Election campaigning is on hold in at least a half-dozen ridings in Alberta where wildfires are threatening homes and lives. At the time of writing, over 29,000 Albertans were under mandatory evacuation orders as 108 wildfires burned across the province, with 31 of them classified as ‘out of control’.

Protecting lives, livelihoods and homes has to be the top priority in moments of crisis like this. That means getting people out of the fire’s path and supporting the first responders making extraordinary efforts to control the situation.

There will, no doubt, be some who say the discussion should stop there. Who will say that moments of crisis are not the time to talk about how our best climate scientists have warned that extreme weather-fueled disasters will continue to become more common and more destructive the longer we take to respond to the climate crisis. Silence would do an immense disservice to those currently fleeing the fires and those who will face unnecessary risks of doing the same in the future.  

The difficult truth is that our production and use of fossil fuels is driving climate change and worsening wildfires. Natural Resource Canada reports that fire-prone conditions are predicted to increase across Canada due to climate change. This could potentially result in a doubling of the amount of area burned by the end of this century, compared with amounts burned in recent decades. Boreal forests, which have been greatly influenced by fire through history, will likely be especially affected by this change.

This is no longer simply a problem for the future. A scientific assessment of British Columbia’s record-setting wildfire season in 2017 found that climate change made the weather conditions responsible for it 2 to 4 times more likely and increased the area burned by a factor of 7 to 11.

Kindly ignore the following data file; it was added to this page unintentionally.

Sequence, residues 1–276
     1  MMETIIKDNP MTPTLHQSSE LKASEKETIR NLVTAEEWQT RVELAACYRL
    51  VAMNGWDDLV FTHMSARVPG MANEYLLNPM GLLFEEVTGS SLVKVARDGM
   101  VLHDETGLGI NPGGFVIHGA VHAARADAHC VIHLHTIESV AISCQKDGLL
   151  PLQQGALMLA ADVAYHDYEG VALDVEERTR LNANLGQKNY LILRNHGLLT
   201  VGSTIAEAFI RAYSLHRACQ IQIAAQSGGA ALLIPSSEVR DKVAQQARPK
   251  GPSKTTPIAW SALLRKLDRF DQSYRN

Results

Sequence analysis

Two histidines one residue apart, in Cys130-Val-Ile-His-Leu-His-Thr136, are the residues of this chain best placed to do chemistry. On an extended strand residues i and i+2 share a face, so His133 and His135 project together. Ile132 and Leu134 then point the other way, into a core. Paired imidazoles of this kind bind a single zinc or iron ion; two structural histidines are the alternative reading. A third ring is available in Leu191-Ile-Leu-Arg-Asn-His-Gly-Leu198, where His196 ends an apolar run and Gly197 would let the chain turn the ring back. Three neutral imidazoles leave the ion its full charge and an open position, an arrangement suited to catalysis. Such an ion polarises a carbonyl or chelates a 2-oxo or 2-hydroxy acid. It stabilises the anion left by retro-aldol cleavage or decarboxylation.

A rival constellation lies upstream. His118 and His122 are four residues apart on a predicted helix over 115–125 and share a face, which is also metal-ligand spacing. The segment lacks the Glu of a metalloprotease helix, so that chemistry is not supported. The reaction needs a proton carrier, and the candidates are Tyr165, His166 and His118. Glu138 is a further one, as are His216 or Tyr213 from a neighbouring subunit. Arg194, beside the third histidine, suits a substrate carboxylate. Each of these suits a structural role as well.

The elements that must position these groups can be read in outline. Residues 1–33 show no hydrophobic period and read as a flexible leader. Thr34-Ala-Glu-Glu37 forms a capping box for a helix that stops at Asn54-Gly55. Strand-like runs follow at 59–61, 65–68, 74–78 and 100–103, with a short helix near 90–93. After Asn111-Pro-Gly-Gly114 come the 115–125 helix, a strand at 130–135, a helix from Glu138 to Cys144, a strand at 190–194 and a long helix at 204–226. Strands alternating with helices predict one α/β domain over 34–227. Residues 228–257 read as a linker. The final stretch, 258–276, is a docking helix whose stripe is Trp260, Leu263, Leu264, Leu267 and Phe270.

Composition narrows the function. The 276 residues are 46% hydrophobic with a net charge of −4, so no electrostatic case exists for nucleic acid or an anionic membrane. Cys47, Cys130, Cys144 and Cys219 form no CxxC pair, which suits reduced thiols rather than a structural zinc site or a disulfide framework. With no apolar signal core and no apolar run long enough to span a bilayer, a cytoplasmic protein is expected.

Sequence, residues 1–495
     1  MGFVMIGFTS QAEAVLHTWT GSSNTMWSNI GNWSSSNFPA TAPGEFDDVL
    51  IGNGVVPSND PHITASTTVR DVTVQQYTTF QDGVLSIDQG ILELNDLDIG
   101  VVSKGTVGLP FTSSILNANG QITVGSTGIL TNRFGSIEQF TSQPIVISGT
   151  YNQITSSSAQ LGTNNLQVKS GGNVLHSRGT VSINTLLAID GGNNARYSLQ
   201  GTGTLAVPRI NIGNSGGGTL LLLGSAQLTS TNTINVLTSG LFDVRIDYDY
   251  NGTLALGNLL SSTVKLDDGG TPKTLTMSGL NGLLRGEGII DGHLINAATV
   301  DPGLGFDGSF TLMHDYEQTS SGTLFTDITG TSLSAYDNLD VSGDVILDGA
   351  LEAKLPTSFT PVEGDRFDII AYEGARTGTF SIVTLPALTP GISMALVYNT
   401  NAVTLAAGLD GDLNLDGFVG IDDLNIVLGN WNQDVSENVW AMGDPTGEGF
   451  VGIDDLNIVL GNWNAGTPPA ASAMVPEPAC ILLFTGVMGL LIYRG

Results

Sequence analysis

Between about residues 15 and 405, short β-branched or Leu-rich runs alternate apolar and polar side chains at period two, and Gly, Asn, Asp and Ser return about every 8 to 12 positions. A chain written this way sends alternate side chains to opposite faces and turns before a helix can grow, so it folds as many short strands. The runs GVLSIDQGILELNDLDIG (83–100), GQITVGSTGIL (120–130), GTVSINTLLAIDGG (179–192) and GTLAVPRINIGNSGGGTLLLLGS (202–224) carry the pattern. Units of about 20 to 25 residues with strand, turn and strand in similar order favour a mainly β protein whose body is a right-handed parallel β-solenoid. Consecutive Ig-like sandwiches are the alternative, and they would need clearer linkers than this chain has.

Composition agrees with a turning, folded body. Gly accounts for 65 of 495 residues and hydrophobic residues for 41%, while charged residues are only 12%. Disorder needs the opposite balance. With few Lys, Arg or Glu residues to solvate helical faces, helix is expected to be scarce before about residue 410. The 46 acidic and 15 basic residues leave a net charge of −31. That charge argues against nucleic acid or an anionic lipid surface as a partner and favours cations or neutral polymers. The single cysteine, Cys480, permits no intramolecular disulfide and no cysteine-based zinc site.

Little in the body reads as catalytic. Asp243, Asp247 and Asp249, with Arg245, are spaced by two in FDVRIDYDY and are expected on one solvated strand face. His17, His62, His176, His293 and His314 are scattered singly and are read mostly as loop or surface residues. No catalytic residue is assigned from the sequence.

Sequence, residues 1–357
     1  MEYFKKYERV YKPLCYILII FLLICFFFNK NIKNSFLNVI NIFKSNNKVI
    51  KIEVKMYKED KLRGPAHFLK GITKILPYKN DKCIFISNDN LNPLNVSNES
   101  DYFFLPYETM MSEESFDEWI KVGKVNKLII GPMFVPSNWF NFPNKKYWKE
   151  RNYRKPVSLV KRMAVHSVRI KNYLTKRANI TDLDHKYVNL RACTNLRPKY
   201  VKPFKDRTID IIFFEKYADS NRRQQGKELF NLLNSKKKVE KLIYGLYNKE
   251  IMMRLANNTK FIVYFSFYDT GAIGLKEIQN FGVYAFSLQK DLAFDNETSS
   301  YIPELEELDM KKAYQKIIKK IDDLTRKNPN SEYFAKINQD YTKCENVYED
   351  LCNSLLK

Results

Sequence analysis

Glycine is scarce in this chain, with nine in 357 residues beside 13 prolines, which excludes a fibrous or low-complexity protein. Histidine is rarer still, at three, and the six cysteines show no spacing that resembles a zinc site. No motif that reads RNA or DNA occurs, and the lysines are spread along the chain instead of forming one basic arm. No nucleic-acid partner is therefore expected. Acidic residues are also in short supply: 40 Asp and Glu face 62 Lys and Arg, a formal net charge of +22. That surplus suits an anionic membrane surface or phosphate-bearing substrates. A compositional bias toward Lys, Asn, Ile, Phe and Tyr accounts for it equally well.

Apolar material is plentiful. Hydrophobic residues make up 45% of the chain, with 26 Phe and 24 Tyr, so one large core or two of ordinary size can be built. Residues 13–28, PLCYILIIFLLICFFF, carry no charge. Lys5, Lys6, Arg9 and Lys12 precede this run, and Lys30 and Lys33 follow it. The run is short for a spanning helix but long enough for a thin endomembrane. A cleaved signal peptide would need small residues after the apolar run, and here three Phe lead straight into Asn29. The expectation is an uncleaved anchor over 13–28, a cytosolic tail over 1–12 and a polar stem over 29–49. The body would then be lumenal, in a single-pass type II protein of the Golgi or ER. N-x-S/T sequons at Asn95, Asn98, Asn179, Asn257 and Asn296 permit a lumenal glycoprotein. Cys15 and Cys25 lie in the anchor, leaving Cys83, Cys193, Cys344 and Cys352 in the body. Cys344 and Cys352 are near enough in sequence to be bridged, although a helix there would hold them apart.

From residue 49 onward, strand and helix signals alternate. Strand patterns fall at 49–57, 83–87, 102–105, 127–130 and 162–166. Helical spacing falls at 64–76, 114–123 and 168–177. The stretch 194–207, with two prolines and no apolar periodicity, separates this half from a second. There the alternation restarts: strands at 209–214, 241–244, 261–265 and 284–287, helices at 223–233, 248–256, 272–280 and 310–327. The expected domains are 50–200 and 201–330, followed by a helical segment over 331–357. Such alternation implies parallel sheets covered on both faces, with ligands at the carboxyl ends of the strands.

Yet heading into the Alberta election, pundits were predicting that both parties would avoid discussing climate change on the campaign trail. In an effort to neutralize the topic, the United Conservative Party put out a climate change ‘plan’ that included no interim targets or new measures and only an aspiration of achieving net-zero by 2050. Thus far, the Alberta NDP has chosen to rest on their laurels (admittedly much stronger laurels than the UCP), perhaps assuming they have the climate-conscious vote locked up. 

Silence on the role of fossil fuels in disrupting people’s lives and destroying their homes serves only the oil and gas companies who profit from selling them. It also exacerbates inequities, like how Indigenous communities are more at risk because they are more likely to live in the remote areas where fires are difficult to access and to contain.

These wildfires should be a wake-up call for a swift transition to clean energy, as continuing to use fossil fuels during a climate emergency is literally playing with fire. If the political parties won’t put it on the election agenda, hopefully voters will.

Canadian Banks need to stop funding fossil fuels

Canada’s banks must be held accountable for their role in violating Indigenous rights and their contribution to climate change.

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